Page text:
Many lawyers provide trademark and copyright registration services. If you wish to protect intellectual property, using a lawyer is a hassle–free way to do so – but it can also be relatively expensive. The U.S. Patent and Trademark Office (where you'll register trademarks) and the U.S. Copyright Office (where you'll register copyrighted material) take applications online; you can complete the forms, upload the right files, and pay the fee yourself, avoiding the cost of having a lawyer take care of the process for you.
Here's a brief primer on the process.
A trademark is a word, a phrase, a design, or a symbol (or a combination of these items) used to identify the source of a product or service from other parties who may provide the same products or services. A trademark can also be used to protect those items when they are used to identify a specific product or process. (For example, the word ’Macintosh’ is a name used to identify certain computers made by Apple; Macintosh is a registered trademark of Apple.)
So how does the process work? It starts with an application. You provide:
- An application with contact information, the nature of your business, and a listing of the goods and services your business provides. The U.S. Patent and Trademark Office has an electronic application system called TEAS.
- A drawing (digital image) of the mark you wish to register. A ’mark’ can be a word, phrase, design, image, etc – whatever you wish to trademark.
- Examples of how the trademark will be used (samples of packaging, Web use, etc.) Examples will be provided as digital images.
- The filing fee, currently $325 per class of goods or services for a standard electronic application.
Your application is then reviewed. (The process can take a number of weeks.) If you are granted a trademark, you can use the ’registered’ symbol ( ® ) beside your trademark, showing it has been successfully registered with the Patent and Trademark Office. (While your application is under review you can use the ’trademark’ symbol ( ) to show that your application is under review.
Keep in mind that a trademark may not be granted if the mark is considered to be generic or infringes upon another trademark already granted. You can search the trademark database for similar company names, product names, service names, etc., to get a sense of whether your application will be successful or not. The more unique and distinctive your mark, the more likely your application will be approved.
For more information about trademarks, and to apply for a trademark online, visit the Patent and Trademark Office at www.uspto.gov .
Copyright is automatically granted when a work is created. You're not required to register your copyrights with the U.S. Copyright office, but registering has several important advantages:
- When you register a copyright, you establish a public record of your copyright ownership.
- You must register your copyright before filing a lawsuit for copyright infringement.
- If you sue someone for copyright infringement, you can recover additional money and your attorney fees if you registered your copyright within three months of your work's publication or before any infringement occurred. This additional money, called ’statutory damages,’ can be as much as $150,000 for each work infringed, and you avoid the difficult task of proving the exact amount of your loss in court. Without statutory damages, copyright owners are limited to recovering the amount of their actual loss or the profits earned by the infringer.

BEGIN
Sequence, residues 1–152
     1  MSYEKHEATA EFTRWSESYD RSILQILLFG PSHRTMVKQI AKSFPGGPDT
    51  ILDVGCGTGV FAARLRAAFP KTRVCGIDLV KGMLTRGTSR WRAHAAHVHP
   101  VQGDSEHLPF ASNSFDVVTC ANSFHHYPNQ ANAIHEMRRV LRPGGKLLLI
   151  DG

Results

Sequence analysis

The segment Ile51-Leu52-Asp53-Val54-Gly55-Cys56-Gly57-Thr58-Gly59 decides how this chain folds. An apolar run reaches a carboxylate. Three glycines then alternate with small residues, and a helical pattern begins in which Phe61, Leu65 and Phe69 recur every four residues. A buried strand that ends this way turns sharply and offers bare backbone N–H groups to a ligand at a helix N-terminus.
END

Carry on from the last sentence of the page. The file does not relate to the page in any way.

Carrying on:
- Copyright law requires certain copyright owners to deposit two copies of published works with the Library of Congress within three months of publication. Registration fulfills this requirement.
- A registered copyright can be recorded with the U.S. Customs Service. This helps to protect you if someone tries to import infringing copies of your work.
The exact procedures for registering a copyright vary depending on the type of work you are registering. However, all copyright registrations require three things:
- A completed application form. You can submit your copyright registration form online or you can submit a paper form. For many registrations, the copyright office prefers online fining.
- A filing fee. The current online filing fee is $35 for a single author who is the only claimant to a work that is not a work for hire, and $55 for all other works; the paper filing fee is $85.
- Copies of the work you are registering. Depending on the type of work you are registering, you may be required to submit either one or two copies of the work, and there may be other specific submission requirements. Details on how to submit your work are available on the copyright office website.
Filing an application online through the U.S. Copyright Office's Electronic Copyright Office, or eCO, offers several advantages over mail registration:
- Lower filing fee – Using the eCO eService, the fee is $35–$55 per application. By mail, the fee is $85 per application.
- Rapid processing time.
- Online status tracking.
- Secure payment through credit or debit card, electronic check or Copyright Office deposit account.
- Ability to upload certain types of deposits directly into the Copyright Office account as electronic files.
Further information about copyright registration is available at the U.S. Copyright office website, http://www.copyright.gov.